Orrin Keepnews

From Wikipedia, the free encyclopedia
Jump to: navigation, search
Orrin Keepnews
Born (1923-03-02) March 2, 1923 (age 91)
Origin The Bronx, New York City, U.S.A.
Genres Jazz
Occupation(s) Record producer, writer
Years active 1952–present
Labels Riverside, Milestone, Fantasy, Landmark Records
Associated acts Thelonious Monk, Bill Evans, Cannonball, Nat Adderley, Wes Montgomery, Johnny Griffin, Jimmy Heath, McCoy Tyner, Joe Henderson, Lee Konitz, Gary Bartz, many others

Orrin Keepnews (born 2 March 1923 in The Bronx, New York City) is an American writer and jazz record producer known for his work for Riverside Records and other labels.

Career[edit]

Keepnews graduated from Columbia[1] with a degree in English in 1943. Subsequently, he was involved in bombing raids over Japan in the final months of World War II, before returning for graduate studies at Columbia in 1946.

While working as an editor for the book publishers Simon and Schuster, Keepnews moonlighted as editor of The Record Changer magazine after fellow Columbia graduate Bill Grauer became its owner in 1948. In 1952 Grauer and Keepnews produced a series of reissues on RCA Victor's Label "X". The following year the partners founded Riverside Records, which was originally devoted to reissue projects in the traditional and swing jazz idioms.

Pianist Randy Weston was the first modern jazz artist signed by the label, and he helped them to begin paying attention to the current jazz scene. Their most significant early move came in 1955, when they were made aware of the availability of Thelonious Monk, who was able to terminate his contract with Prestige Records and became Riverside's first major artist. From this point, the label concentrated on the burgeoning modern jazz scene. With Keepnews as producer, and adding such significant young artists as Bill Evans, Cannonball and Nat Adderley, Wes Montgomery, Johnny Griffin and Jimmy Heath, the label soon rivalled Prestige and Blue Note Records as a leading New York-based independent jazz label. In 1961, Keepnews produced the highly regarded live jazz recordings of the first Bill Evans Trio, Sunday At The Village Vanguard and Waltz for Debby. During this period, Grauer concentrated on business affairs, which ultimately proved to be marred by "creative accounting". At the end of 1963, Grauer died following a sudden heart attack, and Keepnews was unable to save the company from the bankruptcy that followed in mid-1964.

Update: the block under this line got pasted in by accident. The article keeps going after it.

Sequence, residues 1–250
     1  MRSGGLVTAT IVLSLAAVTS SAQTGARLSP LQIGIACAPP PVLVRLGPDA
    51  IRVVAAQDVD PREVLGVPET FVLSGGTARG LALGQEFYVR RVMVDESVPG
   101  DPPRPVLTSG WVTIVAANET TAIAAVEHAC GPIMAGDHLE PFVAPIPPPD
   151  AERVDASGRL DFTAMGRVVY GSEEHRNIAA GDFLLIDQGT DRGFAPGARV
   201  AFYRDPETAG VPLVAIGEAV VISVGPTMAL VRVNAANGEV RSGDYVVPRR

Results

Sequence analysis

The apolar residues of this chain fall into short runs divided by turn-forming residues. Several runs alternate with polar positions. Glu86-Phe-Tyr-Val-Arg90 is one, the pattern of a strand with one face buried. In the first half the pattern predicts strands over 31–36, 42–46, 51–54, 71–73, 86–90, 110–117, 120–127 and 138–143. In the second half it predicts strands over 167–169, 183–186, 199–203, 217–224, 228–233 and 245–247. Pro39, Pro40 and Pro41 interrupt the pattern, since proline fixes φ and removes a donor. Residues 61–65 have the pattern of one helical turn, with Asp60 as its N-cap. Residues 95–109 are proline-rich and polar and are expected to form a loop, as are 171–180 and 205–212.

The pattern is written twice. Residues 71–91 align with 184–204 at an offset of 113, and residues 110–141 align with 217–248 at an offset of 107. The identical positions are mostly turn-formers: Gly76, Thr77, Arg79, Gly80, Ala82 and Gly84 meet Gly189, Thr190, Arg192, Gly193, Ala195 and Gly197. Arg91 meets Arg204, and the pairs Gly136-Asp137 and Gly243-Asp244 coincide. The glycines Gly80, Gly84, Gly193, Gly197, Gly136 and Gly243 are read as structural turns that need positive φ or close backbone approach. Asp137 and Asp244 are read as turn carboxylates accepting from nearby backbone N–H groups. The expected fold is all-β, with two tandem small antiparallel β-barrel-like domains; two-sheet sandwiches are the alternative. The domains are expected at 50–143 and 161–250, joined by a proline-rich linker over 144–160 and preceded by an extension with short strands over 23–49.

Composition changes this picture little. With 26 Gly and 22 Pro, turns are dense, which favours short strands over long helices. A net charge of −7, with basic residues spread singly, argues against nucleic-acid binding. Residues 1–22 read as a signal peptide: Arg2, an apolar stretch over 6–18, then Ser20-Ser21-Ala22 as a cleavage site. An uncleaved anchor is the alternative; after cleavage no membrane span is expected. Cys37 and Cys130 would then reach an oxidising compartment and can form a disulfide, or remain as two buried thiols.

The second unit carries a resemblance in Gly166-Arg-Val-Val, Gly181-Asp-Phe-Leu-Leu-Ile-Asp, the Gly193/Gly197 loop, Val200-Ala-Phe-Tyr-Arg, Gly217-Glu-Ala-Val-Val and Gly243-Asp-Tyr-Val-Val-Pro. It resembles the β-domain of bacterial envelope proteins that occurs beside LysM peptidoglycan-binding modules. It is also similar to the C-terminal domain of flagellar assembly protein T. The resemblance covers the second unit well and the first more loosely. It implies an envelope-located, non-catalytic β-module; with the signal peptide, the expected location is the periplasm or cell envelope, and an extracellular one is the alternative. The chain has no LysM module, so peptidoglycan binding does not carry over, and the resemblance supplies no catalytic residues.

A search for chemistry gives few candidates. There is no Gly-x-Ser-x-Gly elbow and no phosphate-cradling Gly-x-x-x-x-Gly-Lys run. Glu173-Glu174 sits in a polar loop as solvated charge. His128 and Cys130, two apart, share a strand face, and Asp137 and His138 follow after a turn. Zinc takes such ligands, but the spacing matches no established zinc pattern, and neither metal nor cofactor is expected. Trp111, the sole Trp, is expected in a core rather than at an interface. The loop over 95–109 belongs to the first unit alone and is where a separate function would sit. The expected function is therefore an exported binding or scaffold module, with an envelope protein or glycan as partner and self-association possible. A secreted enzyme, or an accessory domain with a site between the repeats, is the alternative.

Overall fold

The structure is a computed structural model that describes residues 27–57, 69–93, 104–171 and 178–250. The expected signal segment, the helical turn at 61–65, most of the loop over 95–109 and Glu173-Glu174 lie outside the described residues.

After a period of freelance activity, Keepnews started Milestone Records in 1966 with a new partner, pianist Dick Katz. Among their most notable artists over the next few years were McCoy Tyner, Joe Henderson, Lee Konitz, and Gary Bartz.

Late in 1972 Keepnews relocated to San Francisco as director of jazz A&R at Fantasy Records, which had just acquired the Riverside masters. Milestone was bought by Fantasy in the same year, and signed Sonny Rollins, whom Keepnews had worked with at Riverside. At Fantasy Keepnews oversaw the repackaging of the company's holdings in the idiom as "twofer"s, including many albums he had produced at Riverside. Bill Evans joined Fantasy at this time, reuniting their previous partnership; however his manager, the late Helen Keane, later a successful producer in her own right, took charge of Evans's recording. After leaving Fantasy in 1980 because, as he said, "even under the best of circumstances, I can't be happy working for someone else," Keepnews returned to freelancing.

In 1985 Keepnews founded Landmark Records,[2][3] which included albums recorded by the Kronos Quartet of music by Bill Evans and Monk, as well as straight jazz albums. For Landmark, Bobby Hutcherson recorded his most extensive sequence of latter-day albums. Landmark passed to Muse Records in 1993.

In the CD era Keepnews continued to be responsible for extensive reissue compilations, including the Duke Ellington 24CD RCA Centennial set in 1999 and Riverside's Keepnews Editions series.

Awards and tributes[edit]

Bill Evans' composition Re: Person I Knew was an early tribute to Orrin Keepnews: the title is an anagram of his name.[4]

Orrin Keepnews won several Recording Academy Grammy Awards in the 1980s: Best Album Notes for The "Interplay" Sessions performed by Bill Evans in 1984 and Best Historical Album and Best Album Notes for Thelonious Monk: The Complete Riverside Recordings in 1988. In 2004 Keepnews was given a Trustees Award for Lifetime Achievement by the Academy.

In June 2010, Keepnews received a 2011 NEA Jazz Masters lifetime achievement award from the National Endowment for the Arts in the field of jazz, including a stipend of $25,000.[5][6]

Personal[edit]

Keepnews was married to Lucile (née Kaufman) from 1948 until her death in 1989. He is married to Martha Egan, a clothing designer. He has two sons: Peter Keepnews is an editor at The New York Times and a writer on jazz subjects, among others,[7] and an editor at the New York Times. David Keepnews teaches nursing and health policy at Hunter College in New York City.

Timeline of labels[edit]

Bibliography[edit]

  • Orrin Keepnews & Bill Grauer (1956 [1982]) A Pictorial History of Jazz: People and Places from New Orleans to Modern Jazz, Hale Publishing, ISBN 0-517-00009-1
  • Orrin Keepnews (1988) The View from Within: Jazz Writings, 1948-87, OUP (USA) ISBN 0-19-505284-6

References[edit]

  1. ^ Columbia College Today
  2. ^ The Pop Life; A New Label, Landmark, Records Jazz - New York Times
  3. ^ Discogs
  4. ^ Peter Pettinger: Bill Evans: How My Heart Sings. Yale University Press, 1999.
  5. ^ NEA Will Honor 18 Artists
  6. ^ National Endowment for the Arts (June 24, 2010). "National Endowment for the Arts Announces the 2011 NEA Jazz Masters". Washington: National Endowment for the Arts. Retrieved July 19, 2010. 
  7. ^ Peter Keepnews search, The New York Times. Retrieved 2011-02-15.

External links[edit]